Audiomack, the New Wave
Posted by Forbes, In 2012, David Ponte and Dave Macli had an itch to take advantage of an open market in music streaming that wouldn’t last long.
The window of opportunity prompted them to provide artists with a “free and unlimited way to share their music,” according to Macli. Late nights and countless weekend hours netted them and their three co-founders Audiomack, a free platform that allowed budding musicians who couldn’t yet afford to pay the monthly or annual membership fees required by distribution companies to upload songs onto streaming sites.
Keeping costs low for everyone involved was integral to the company’s business model.
“We funded the company with $5,000, which covered some of our initial costs, and we just grew it from there,” said Macli, who also founded the hip-hop editorial site DJBooth. “It’s a story of taking small bites.”
Audiomack’s founders cultivated a simple and niche value proposition: find artists that were looking for additional fans. To do that, the company built and refined its platform to scale as a free service by monetizing off of ad revenue, while also ensuring the quality control of their catalogue by implementing a playlisting feature and song ranking system.
Since its inception, the site has become a hub that hosts the latest albums, bubbling singles and nostalgic mixtapes, specifically ones that can’t be found on Spotify or Apple Music. It’s been embraced by youth and hip-hop culture — 70% of their audience is under 34 years old — but is expanding into other genres including reggae, Latin and Afrobeats.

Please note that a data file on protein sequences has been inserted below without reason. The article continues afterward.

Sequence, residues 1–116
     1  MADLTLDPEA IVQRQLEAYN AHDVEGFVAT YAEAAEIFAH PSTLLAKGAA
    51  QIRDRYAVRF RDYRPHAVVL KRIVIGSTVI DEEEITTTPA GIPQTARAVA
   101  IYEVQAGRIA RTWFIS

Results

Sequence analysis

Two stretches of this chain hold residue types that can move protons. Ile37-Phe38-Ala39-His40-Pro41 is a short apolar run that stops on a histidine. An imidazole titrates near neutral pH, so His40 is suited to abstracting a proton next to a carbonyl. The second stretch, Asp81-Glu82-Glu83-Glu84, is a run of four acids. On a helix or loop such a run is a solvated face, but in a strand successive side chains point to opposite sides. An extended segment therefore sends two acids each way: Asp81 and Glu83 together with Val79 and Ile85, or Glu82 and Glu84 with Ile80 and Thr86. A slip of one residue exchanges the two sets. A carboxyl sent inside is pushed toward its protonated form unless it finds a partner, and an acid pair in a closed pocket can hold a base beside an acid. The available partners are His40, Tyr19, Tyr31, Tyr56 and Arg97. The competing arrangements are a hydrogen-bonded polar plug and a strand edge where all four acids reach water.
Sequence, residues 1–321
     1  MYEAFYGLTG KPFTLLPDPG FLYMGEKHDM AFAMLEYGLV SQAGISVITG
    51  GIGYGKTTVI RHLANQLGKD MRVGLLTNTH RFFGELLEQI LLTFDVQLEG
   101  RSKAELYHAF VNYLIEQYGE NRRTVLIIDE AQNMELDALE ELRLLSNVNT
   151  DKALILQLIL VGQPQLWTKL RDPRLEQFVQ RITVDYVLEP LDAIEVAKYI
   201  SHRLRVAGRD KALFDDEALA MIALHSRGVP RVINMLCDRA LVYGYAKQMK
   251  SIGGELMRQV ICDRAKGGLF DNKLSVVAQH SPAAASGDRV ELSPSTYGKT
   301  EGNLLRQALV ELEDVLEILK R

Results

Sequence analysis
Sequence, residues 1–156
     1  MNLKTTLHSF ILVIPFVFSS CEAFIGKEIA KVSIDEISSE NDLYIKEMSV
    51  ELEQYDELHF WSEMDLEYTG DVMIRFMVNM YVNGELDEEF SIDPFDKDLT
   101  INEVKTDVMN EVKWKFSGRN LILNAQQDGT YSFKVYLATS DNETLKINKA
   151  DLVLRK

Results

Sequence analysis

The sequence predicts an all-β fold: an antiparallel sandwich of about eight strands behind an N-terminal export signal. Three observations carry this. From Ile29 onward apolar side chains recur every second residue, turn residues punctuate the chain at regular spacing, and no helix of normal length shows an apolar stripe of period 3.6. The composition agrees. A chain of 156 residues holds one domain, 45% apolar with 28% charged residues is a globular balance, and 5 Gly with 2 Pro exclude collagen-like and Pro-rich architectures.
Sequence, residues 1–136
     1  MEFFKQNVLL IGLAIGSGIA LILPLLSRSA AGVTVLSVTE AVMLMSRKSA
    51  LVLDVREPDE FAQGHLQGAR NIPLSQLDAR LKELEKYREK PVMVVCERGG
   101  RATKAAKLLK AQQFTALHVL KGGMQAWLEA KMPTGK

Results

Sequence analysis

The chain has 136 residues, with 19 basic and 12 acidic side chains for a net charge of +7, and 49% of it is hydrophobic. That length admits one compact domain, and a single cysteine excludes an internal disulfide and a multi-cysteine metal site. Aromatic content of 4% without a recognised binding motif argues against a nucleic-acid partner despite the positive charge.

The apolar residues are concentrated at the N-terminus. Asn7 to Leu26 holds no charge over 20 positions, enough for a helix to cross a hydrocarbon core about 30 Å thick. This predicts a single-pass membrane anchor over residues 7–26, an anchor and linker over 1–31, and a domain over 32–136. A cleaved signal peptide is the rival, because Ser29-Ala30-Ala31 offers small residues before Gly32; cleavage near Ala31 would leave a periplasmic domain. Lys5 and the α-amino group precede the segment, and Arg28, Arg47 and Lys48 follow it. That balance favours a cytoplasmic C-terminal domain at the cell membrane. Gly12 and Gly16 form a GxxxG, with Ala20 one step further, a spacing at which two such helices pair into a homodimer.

It has grown 300% year-over-year, with more than 1 million daily active users, and surpasses 1 billion song plays each month. In August, they introduced a subscription model that has since grown to over 10,000 members shelling out $5 per month.
“We figured if we just got a little bit of an audience, and provided them with enough value to keep them coming back, then we’d be able to make some money,” Ponte said.
The team also puts emphasis on brand awareness. Their latest YouTube series, Trap Symphony, is a marketing vehicle that showcases rappers performing over orchestral renditions of their songs played by classical musicians. Past episodes have featured Migos, A Boogie Wit Da Hoodie and Chief Keef. A handful of videos have garnered over a million views each.
Next on the Audiomack agenda is opening up its monetization program, AMP, to all users. For now, the program is an invite-only affair that allows artists to participate in streaming revenue. It’s a strategy that further positions the company as an essential part of an artist’s marketing campaign and income source.
But Audiomack doesn’t ignore the direct competition with streaming giants such as Apple Music and Spotify. The latter has deployed a number of tactics to help the fledgling musician, from opening up a playlist submission feature to offering deals to independent artists. In April, Spotify went public at $165.90, boosting their valuation to $30 billion. But Audiomack prefers to focus on their niche rather than competitors with seemingly endless financial resources.
“We want to give artists a way to actually find new fans and also reach them,” says Audiomack’s director of product management, Charlie Kaplan. “Our objective is that any artist under any circumstance can share their music, unlimited.”